When You're a Month Out from the CFA, Take a Pause
It's been awhile since I've written a post.
I like you, have been heads down buried in the CFA material. While you've been studying, I've been creating videos, grading problem sets, and refining our material.
You study. I try to help you study more effectively.
When You're Lost in Detail, It's Helpful to Take a Step Back
Late April and early May are prime time hours to ramp up your CFA study time. Maybe you are scrambling to catch up in your studying. Or maybe you've moved from reading to more intensive calculation based questions and are really starting to memorize equations.
Either of those things is a good, necessary step. But too often we forget to take a step back. Literally it helps to breathe and get some space.
More directly CFA-wise there's a couple things that you should do now, while you have the luxury of being deliberate. I've written about how to know and work on your weaknesses, but it's also about getting a feel for the balance of an exam across the different study sessions. Each level has a different emphasis, which will present different challenges based on your unique strengths and weaknesses as a Candidate.
Step 1 - take a practice test
Step 2 - get to know what types of questions are on it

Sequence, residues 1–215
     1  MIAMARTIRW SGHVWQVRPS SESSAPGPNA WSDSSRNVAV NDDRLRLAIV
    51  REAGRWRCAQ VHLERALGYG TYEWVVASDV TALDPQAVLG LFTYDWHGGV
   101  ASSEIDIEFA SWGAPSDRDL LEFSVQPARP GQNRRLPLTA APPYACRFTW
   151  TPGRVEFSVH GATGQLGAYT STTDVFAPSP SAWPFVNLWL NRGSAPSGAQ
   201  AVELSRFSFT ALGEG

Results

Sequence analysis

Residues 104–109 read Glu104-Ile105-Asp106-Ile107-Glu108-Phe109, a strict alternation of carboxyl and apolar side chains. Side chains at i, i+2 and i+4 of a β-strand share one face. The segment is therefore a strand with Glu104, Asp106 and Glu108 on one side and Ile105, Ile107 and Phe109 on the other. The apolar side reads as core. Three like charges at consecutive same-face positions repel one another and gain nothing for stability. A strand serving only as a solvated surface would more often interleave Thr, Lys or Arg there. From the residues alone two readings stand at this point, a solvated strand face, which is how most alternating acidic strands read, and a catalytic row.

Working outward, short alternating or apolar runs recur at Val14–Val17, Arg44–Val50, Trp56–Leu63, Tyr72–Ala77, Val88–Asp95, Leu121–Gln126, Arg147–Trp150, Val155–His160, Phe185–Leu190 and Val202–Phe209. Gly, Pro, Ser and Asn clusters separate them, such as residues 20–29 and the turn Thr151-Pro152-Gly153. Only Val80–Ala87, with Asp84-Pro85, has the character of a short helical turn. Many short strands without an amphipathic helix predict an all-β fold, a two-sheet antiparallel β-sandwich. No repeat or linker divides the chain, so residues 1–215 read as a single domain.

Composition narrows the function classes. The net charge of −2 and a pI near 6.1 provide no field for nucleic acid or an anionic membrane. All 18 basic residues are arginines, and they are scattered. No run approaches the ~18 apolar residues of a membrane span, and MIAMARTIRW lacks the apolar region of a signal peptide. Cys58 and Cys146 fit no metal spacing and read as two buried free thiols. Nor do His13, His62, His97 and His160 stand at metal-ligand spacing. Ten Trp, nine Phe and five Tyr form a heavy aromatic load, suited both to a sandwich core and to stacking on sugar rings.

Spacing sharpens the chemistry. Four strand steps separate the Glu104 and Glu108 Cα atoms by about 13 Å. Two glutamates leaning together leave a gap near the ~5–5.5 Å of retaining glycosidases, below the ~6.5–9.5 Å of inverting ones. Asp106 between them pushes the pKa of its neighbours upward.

Step 3 - understand how you perform against those types of questions
Step 4 - Spend time back on the Curriculum material in those areas even while you were doing what you were already doing
You Don't Have to Want to Study in order to Study
It's a myth that you should do everything you want. Most CFA candidates who have passed a level or two have internalized this lesson. Time spent on studying, regardless of how you feel about that passed time, has value from a sheer repition standpoint.
Study in bite size pieces, make daily a habit. Don't let a lack of familiarity be the reason you fail. You should know your weaknesses even if they still doom you.
Keep it Easy
Don't set up STARTING to study with a mental hurdle. Make it easy. Review 2 flashcards. Commit to 5 minutes, or read 2 pages. Just get started. Momentum is powerful. Plus if you can turn five minutes into extra study time 4-5 times a day at work that will really compound.